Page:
In the initiation phase of idea campaigns, input measures such as quality of the IT platform, including the cost of implementing the platform, its scalability, but most importantly, its user-friendliness ranked the highest. Output measures such as diversity of external participants and outcome measures such as customer potential (whether the participants represent the mass market that the company is targeting) followed closely.
In the implementation phase of idea campaigns, however, the output measure of productivity was the most prominent. In other words, the percentage of winning ideas that ultimately become projects was seen as a key indication of success. In addition, process KPIs such as depth of contestant community interaction and another output KPI, frequency of use of platform (an indication of the company’s reputation and image) were also highlighted as important.
In terms of overall measures, the clear winner was the input measure of top management commitment to the innovation project. Also standing out were KPIs related to customers’ benefit from innovations created through the campaign (labelled “originality”), and those related to expected increase in revenue, as a consequence of new products, services and processes.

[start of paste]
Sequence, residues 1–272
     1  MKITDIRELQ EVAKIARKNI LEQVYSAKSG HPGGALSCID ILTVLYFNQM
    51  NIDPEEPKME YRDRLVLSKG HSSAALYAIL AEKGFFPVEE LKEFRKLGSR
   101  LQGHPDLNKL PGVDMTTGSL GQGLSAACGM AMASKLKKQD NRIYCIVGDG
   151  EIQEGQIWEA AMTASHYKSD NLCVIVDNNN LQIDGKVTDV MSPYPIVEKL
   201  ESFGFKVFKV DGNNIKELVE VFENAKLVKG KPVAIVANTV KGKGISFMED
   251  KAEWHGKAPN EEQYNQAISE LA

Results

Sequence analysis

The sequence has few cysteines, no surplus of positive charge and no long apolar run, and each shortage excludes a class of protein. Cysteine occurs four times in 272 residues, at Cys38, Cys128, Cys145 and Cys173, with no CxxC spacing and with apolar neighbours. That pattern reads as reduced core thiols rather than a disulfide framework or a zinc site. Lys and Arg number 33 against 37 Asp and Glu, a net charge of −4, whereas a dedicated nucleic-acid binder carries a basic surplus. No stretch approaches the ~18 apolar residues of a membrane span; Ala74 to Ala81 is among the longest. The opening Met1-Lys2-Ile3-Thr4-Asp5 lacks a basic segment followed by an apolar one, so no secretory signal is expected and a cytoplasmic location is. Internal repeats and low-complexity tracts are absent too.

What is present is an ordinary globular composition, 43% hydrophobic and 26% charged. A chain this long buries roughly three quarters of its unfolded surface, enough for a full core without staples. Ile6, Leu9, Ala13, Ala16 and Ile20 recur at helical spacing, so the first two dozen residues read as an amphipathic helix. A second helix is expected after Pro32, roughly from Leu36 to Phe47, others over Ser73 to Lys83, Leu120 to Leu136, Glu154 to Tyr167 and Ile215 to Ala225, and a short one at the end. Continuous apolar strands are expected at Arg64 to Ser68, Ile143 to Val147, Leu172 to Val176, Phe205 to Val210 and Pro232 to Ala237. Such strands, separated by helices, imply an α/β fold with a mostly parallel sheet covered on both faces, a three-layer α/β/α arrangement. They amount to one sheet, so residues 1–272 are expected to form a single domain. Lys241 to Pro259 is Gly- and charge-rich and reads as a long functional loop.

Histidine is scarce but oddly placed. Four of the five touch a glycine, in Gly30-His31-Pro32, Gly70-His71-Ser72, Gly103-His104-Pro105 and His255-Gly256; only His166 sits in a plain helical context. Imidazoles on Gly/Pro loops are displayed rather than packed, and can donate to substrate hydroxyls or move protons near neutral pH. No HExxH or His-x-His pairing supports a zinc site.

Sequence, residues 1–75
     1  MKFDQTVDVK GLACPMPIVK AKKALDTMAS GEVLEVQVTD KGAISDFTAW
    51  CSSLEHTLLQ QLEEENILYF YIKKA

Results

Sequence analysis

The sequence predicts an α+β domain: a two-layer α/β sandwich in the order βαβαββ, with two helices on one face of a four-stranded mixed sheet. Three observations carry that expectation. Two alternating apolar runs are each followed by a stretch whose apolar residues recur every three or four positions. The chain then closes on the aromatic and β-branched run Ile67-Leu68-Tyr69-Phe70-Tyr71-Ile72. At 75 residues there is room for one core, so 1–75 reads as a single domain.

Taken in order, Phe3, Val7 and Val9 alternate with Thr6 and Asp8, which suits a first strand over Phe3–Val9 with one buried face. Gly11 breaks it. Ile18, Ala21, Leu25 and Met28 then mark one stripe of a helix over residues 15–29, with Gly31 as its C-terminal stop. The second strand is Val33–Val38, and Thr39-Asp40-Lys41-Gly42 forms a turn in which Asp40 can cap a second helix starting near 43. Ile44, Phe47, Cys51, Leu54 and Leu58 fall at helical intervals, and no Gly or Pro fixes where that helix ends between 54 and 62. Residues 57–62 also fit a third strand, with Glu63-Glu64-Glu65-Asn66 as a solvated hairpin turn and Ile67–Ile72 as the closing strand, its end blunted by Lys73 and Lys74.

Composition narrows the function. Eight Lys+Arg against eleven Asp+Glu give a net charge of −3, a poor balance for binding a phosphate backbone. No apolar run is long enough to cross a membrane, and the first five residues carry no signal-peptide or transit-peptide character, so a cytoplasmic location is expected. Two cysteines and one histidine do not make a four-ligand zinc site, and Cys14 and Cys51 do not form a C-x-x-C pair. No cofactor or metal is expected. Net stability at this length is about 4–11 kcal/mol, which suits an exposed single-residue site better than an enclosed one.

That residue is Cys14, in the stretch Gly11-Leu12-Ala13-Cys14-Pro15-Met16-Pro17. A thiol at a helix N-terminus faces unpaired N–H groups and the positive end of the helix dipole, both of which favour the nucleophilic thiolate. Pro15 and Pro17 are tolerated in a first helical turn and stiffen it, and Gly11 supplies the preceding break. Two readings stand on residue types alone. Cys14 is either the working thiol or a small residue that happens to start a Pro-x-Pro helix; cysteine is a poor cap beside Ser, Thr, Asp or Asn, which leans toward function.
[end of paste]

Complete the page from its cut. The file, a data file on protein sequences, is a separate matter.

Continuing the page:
Summing up, the realm of OI metrics is undergoing an exciting transformation. While there are no standard measures of success for the time being (no “acid test” for NPD), diversifying the criteria by which open innovation initiatives are assessed is a tremendous step forward in improving new product, service and process output. Perhaps once an updated package of innovation management standards would do the trick (2).
(1) Analysing patterns of R&D spending will not give you the full story, but it will make lovely charts like in PwC’s recently published Innovation’s New World Order.
(2) In 2015 the European Committee for Standardisation has made available the Innovation Management Standards on its website. The publication contains 6 parts and offers guidelines for the introduction, development and maintaining of a framework for systematic innovation management practices. Current chapters include: Part 1: Innovation Management System; Part 2: Strategic Intelligence Management; Part 3: Innovation Thinking; Part 4: Intellectual Property Management; Part 5: Collaboration Management and Part 6: Creativity Management.